Driving into town from the new airport, I'm always struck by the number of new highrises that are always going up in Bangkok-- all those huge cranes... more than I've ever seen in an American city. It's almost like China! But then there are parts of Thornburi on the other side of the river, way up beyond where the tourist hotels are, where life is entirely on the water. We love spending days in longtail boats cruising the canals and getting into the slow pace of life in these parts of the city-- even though it feels like you're in the countryside. Regardless of delusional Republican Party ideology and their bizarre self-destructive dogma, Thai's know why their capital city is sinking.
Several factors – climate change, rising sea level, coastal erosion, shifting clay soil-- are threatening the great city on the Chao Phraya delta, founded in April 1782 by the first monarch belonging to the Chakri dynasty, still ruling today.

The population has greatly increased, with about 10 million people now living in the city and its suburbs. Even the weight of the skyscrapers, constantly on the rise in a conurbation in the throes of perpetual change, is contributing to Bangkok's gradual immersion. Much of the metropolis is now below sea level and the ground is subsiding by 1.5 to 5cm a year.

In the medium to long term more than 1m buildings, 90% of which are residential, are under threat from the rising sea level. In due course the ground floors of buildings could be awash with 10cm of water for part of the year, according to the Asian Institute of Technology.

In the port of Samunt Prakan, about 15 km downstream from the capital, the residents of detached houses along the river already spend several months a year up to their ankles in water.

A joint report published in December by the World Bank, the Asian Development Bank and Japan's International Co-operation Agency highlighted the threat from climate change to three Asian mega-cities: Bangkok, Ho Chi Minh City, and Manila.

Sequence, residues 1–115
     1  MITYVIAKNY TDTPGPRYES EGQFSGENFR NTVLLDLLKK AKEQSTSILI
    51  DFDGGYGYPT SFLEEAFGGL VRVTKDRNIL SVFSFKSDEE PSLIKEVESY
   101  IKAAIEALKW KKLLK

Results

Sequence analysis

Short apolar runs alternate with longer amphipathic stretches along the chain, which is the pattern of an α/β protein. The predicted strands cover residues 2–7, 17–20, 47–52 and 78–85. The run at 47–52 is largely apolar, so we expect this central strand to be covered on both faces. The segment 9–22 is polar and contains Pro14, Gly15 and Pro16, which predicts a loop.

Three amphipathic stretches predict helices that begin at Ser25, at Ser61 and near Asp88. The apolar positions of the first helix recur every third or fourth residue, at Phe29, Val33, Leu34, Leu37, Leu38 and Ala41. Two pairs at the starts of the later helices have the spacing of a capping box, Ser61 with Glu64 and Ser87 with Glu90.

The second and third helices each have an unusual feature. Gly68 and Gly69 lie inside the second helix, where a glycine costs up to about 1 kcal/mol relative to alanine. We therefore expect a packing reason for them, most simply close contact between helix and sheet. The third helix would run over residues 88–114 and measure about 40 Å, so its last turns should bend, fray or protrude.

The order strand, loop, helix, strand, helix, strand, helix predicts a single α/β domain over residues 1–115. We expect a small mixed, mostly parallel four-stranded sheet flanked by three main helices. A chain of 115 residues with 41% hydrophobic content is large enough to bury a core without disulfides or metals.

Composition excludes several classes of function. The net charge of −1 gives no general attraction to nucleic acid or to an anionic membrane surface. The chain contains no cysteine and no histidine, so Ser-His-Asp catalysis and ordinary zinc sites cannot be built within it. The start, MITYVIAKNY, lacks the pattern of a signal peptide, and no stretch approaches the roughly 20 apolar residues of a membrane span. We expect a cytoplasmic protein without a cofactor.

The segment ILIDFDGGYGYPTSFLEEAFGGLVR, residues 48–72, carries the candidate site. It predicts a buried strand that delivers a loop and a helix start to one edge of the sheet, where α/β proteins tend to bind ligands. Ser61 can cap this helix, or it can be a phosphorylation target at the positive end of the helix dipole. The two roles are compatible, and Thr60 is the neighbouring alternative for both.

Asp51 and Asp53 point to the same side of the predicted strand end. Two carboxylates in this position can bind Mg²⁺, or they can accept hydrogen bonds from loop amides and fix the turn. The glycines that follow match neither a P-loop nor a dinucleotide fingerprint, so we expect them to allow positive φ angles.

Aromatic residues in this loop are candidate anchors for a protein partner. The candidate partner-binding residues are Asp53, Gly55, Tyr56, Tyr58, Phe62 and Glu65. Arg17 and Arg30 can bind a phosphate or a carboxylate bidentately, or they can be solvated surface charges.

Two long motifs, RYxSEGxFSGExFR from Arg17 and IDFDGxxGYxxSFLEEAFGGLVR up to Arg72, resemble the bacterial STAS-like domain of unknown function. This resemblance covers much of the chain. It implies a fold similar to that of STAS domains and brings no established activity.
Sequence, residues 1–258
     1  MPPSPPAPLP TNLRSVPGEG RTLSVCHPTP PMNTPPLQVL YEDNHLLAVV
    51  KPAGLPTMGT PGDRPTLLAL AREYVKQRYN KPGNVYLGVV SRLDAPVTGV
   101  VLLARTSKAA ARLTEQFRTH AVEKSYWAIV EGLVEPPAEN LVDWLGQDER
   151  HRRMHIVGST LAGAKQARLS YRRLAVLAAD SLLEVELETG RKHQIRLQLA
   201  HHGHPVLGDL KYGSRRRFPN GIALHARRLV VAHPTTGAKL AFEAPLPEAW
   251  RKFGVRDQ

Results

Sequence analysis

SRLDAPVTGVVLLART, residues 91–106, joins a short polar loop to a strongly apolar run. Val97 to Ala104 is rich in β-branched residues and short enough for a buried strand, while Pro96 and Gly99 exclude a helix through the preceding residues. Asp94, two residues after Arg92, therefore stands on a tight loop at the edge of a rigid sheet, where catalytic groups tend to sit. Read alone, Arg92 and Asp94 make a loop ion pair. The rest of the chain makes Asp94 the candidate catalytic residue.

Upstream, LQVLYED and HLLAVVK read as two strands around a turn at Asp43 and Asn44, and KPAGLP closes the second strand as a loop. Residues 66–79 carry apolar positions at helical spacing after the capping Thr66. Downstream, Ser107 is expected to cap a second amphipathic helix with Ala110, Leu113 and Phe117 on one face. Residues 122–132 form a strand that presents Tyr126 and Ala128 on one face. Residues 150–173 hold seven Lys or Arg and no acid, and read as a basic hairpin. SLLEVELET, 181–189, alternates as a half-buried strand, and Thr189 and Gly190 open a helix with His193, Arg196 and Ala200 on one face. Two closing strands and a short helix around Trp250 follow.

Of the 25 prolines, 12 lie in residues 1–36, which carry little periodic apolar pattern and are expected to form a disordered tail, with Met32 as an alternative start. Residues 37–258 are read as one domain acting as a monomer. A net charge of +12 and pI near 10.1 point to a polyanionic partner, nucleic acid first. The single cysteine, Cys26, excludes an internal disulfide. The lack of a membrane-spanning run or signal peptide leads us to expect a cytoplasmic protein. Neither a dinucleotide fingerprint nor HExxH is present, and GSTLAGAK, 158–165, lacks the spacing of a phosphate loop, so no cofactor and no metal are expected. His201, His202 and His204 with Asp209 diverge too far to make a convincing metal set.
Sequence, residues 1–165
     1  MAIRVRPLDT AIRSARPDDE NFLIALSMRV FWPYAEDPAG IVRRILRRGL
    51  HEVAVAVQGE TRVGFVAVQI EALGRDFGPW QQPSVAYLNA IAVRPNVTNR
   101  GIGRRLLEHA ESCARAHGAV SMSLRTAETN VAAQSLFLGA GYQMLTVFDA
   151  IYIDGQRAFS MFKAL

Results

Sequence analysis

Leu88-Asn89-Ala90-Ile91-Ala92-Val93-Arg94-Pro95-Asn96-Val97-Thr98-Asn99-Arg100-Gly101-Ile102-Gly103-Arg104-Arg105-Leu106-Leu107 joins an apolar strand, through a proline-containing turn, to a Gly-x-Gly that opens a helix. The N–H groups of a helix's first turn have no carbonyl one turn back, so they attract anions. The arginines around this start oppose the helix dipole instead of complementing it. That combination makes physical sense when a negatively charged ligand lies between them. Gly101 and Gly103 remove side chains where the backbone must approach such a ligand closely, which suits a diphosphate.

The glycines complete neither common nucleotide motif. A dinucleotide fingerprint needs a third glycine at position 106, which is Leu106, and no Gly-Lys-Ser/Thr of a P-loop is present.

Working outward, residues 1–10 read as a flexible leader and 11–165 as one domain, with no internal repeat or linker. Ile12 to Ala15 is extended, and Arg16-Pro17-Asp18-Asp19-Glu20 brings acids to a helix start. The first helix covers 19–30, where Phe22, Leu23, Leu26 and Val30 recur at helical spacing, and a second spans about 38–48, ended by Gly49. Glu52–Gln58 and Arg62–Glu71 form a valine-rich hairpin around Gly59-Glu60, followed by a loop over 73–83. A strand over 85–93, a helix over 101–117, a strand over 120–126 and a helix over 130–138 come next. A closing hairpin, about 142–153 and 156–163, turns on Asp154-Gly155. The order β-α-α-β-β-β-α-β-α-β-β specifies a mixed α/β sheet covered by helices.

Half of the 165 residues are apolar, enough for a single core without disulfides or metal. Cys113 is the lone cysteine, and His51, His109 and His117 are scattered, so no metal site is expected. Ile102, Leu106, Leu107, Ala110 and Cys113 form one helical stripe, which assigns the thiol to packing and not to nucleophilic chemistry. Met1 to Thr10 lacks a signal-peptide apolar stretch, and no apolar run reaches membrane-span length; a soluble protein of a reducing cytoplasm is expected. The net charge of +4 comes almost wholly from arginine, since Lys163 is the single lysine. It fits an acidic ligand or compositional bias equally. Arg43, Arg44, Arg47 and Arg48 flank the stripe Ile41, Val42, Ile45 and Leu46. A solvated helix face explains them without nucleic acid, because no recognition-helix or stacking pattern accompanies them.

Illegal tapping of groundwater is one of the causes of the capital's misfortunes, according to Jan Bojo, a World Bank expert based there. Not all the specialists endorse this view, but they do agree the situation is bound to deteriorate over the next few years. Smith Dharmasaroja, the head of the National Disaster Warning Centre, is predicting that by 2100 Bangkok will have become a new Atlantis. However gloomy this may seem, Dharmasaroja's forecasts are taken seriously. In the 1990s he predicted the fearful tsunami which devastated countries round the Indian Ocean in 2004.

Dharmasaroja maintains that "no decision has been taken" at government level "to stop the problem." And, he adds, if nothing is done Bangkok could be underwater by 2030.

One of the solutions he has suggested is to build a series of dykes along the coast of the Gulf of Thailand, a scheme which would cost well over $2bn. He says work should start immediately, otherwise it will be too late to halt the chain of events leading to disaster.

Anond Snidvongs, an oceanographer and specialist on climate-change impacts in southeast Asia, takes a more cautious line. "No one can predict how long it will take for Bangkok to be flooded and how this process will unfold," he says. He sees no point in building huge dykes. "The rise in sea level is not that great and climate change only plays a fairly small part-- about one-fifth-- in the current scenario," he adds.